Divorce & Remarriage RevisitedOct 20th, 2014 | By David Anders | Category: Radio
A few weeks back I wrote an article titled: “Marriage, Divorce, & Communion: The Upcoming Synod on the Family.” In the article, I discussed the Catholic doctrine on the indissolubility of marriage and what it means for civilly divorced and civilly remarried Catholics. Based on the teaching of Christ, the Church’s longstanding practice has been to deny communion in these cases. As to whether the Church could change her doctrine on marriage or her discipline based on that doctrine, I wrote this:
The Church has no power to change this teaching, because it is the teaching of Christ. (Matthew 19:11-12) This is something the non-Catholic media often misunderstand. The Church’s dogma on marriage is not a “policy” that can be changed, any more than the Nicene Creed is a “policy.”
In the weeks since I wrote that article, the Synod of Bishops generated a lot of media attention and, quite frankly, a lot of confusion. Did the Synod suggest a change to the Church’s doctrine or practice in this matter? Some media outlets would have you think so. The main source of confusion was a “midterm report” supposedly summarizing the discussions at the Synod. The document suggested that “some synod fathers” were in favor of a change of “present regulations.” The report was neither seen nor approved by the Synod Fathers prior to its release. Instead, it provoked vehement protests among the bishops. (The most controversial statements of the report were not concerned with divorce and remarriage.)
Days after the release of the relatio, the synod Fathers insisted that their objections be made known. Reports of each of the discussion groups (organized by language) were published on the Vatican’s Website Thursday, October 16. The following selections are some of the remarks from synod Fathers on divorce, remarriage, and the sacraments.
Circulus Gallicus A (French language group) wrote:
On the connection between the divorced/remarried and the sacraments of reconciliation and the Eucharist . . . it is important not to change the doctrine of the Church on the indissolubility of marriage and the non-admission of the divorced/remarried to the sacraments.
Circulus Angelicus A (English language group) wrote:
We did not recommend the admission to the sacraments of divorced and re-married people, but we included a very positive and much –needed appreciation of union with Christ through other means.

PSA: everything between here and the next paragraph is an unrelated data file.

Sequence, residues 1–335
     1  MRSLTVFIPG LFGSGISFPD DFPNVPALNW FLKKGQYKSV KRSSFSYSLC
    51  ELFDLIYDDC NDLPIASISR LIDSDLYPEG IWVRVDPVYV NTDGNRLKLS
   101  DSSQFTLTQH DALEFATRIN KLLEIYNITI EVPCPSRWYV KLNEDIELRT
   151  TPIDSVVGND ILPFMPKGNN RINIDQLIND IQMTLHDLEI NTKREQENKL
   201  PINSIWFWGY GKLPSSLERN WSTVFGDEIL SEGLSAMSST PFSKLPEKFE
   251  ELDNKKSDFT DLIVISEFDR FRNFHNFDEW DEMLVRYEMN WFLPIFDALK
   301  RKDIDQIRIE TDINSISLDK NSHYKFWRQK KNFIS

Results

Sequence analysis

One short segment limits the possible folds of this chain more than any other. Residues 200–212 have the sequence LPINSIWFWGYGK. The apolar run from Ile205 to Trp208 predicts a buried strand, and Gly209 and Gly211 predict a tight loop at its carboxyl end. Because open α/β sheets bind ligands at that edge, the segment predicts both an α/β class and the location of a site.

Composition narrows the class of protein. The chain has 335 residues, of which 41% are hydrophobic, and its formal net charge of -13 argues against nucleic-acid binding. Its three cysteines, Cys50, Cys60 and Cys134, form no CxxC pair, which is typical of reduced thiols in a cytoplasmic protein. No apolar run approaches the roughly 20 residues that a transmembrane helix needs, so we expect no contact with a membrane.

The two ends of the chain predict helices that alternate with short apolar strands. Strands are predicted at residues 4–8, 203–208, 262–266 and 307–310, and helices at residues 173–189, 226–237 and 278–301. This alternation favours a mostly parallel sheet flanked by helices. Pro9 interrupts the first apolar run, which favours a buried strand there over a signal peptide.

Circulus Angelicus B (English language group) wrote:
On the subject of the admission of the divorced and remarried to the Eucharist the group stressed two principles flowing directly from God’s Word: 1) the clear affirmation of the indissolubility of a valid sacramental union, while humbly admitting that we need a more credible way of presenting and witnessing to that teaching; 2) The strong desire to invite and embrace sincere Catholics who feel alienated from the family of the Church because of irregular situations.
Circulus Italicus A (Italian language group) directed attention on this issue to the teaching of St. John Paul II in his Familiaris Consortio, section 84. In that document, the Saint wrote:
The Church reaffirms her practice, which is based upon Sacred Scripture, of not admitting to Eucharistic Communion divorced persons who have remarried. They are unable to be admitted thereto from the fact that their state and condition of life objectively contradict that union of love between Christ and the Church which is signified and effected by the Eucharist.
It is true that the traditional doctrine and practice of the Church are were not universally acclaimed at the Synod. The final version of the Relatio (released October 18) ackowledged this. Clearly, some of the Synod Fathers were searching for a way to “soften” the Church’s position. In his final speech, Pope Francis also acknowledged division among some of the bishops. Strangely, he did not make his thoughts plain on the controversies in question. He did, however, conclude the Synod by beatifying Pope Paul VI. Of his predecessor, Pope Francis said:
Before the advent of a secularized and hostile society, he could hold fast, with farsightedness and wisdom – and at times alone – to the helm of the barque of Peter, while never losing his joy and his trust in the Lord.
To what was Pope Francis referring when he spoke of Paul’s holding fast in the face of a secular and hostile culture? He didn’t say. But we we remember Blessed Paul today mostly for his courageous stand on behalf of the Church’s long-standing tradition on human sexuality and the necessity of openness to life.
Neither the the Synod nor the Pope issued any teaching documents, nor has there been any change to Church law. The final message of the Bishops, published on October 18, ended on a postive note of continuity:
Conjugal love, which is unique and indissoluble, endures despite many difficulties. It is one of the most beautiful of all miracles and the most common.This love spreads through fertility and generativity, which involves not only the procreation of children but also the gift of divine life in baptism, their catechesis, and their education.